WEDNESDAY, March 24, 2010 (HealthDay News) -- Scientists have identified a gene in mice that is a key player in what could essentially be called embryonic stem cells' "immortality."
The finding could have a major impact on research into aging, regenerative medicine and the biology of stem cells and cancer, according to the report published online March 24 in the journal Nature.
Embryonic stem cells can develop into nearly any type of cell in the body and can produce infinite generations of new, fully operational embryonic stem cells (daughter cells). But the mechanism for this rejuvenation has been a mystery, the researchers noted in a news release from the U.S. National Institute on Aging (NIA).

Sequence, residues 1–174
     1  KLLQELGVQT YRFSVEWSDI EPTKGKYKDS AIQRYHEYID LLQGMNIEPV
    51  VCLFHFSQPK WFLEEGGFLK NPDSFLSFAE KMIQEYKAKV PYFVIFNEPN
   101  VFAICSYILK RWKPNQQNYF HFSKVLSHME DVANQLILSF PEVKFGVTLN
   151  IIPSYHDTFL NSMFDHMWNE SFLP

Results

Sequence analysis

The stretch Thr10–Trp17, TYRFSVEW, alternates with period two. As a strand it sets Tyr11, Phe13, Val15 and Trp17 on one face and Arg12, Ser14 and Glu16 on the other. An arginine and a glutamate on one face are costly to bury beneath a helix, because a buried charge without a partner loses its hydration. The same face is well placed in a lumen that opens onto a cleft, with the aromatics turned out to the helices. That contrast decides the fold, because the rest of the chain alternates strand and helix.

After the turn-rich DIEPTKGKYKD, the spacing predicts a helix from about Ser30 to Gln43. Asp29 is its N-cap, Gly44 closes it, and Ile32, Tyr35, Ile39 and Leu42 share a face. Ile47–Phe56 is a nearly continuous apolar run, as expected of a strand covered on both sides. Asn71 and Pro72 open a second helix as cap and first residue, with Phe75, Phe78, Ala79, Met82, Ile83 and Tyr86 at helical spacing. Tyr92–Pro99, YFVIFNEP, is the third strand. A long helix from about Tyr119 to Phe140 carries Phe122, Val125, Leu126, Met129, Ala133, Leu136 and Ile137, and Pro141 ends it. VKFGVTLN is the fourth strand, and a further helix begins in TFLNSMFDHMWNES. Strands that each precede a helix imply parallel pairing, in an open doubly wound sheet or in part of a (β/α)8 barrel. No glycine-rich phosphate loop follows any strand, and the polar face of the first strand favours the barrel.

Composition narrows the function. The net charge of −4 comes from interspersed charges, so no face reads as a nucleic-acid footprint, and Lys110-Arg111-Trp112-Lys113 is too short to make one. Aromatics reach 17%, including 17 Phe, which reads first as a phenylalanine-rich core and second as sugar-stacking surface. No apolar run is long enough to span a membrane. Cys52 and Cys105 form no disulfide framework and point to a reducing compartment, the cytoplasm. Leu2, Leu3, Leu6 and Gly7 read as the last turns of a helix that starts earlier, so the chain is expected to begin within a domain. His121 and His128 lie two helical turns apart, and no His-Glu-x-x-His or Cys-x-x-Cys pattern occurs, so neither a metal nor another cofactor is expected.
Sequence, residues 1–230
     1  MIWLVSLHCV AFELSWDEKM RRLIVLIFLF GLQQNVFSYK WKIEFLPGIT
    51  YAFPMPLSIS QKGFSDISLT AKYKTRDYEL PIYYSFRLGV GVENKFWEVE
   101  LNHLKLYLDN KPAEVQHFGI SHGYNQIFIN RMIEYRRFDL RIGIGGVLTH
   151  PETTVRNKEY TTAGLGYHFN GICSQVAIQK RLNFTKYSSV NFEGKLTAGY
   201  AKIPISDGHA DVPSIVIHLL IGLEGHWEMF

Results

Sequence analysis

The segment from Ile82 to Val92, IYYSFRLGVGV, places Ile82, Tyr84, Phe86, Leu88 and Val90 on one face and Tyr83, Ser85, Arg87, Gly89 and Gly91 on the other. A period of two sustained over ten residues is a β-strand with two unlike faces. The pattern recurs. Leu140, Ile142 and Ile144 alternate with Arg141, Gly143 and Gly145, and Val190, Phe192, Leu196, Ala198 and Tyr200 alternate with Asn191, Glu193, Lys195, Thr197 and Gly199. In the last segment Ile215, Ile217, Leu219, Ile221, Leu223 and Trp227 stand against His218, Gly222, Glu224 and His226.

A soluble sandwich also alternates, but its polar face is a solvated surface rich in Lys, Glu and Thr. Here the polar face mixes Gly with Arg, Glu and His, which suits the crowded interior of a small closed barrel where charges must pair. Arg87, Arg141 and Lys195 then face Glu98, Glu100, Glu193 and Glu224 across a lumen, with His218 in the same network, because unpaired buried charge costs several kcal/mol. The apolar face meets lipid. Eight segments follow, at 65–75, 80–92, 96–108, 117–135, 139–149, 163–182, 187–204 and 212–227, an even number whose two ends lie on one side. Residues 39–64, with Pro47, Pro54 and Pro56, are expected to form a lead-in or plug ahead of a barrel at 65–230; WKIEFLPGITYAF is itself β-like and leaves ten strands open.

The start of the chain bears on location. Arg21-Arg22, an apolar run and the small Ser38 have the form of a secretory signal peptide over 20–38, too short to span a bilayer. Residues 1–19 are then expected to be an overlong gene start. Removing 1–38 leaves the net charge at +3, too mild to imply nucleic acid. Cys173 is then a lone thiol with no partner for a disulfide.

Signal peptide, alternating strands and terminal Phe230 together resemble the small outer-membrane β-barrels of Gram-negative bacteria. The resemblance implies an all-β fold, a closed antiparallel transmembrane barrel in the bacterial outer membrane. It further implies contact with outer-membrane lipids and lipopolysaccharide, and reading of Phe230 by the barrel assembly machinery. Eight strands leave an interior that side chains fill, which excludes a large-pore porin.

In the new study, researchers at the NIA found that embryonic stem cells in mice express a unique Zscan4 gene that enables them to continuously produce vigorous daughter cells.
According to the study authors, this gene isn't turned on every time an embryonic stem cell replicates; only about 5 percent of embryonic stem cells will have the gene activated at any one point.
The U.S. National Institutes of Health has more about stem cells.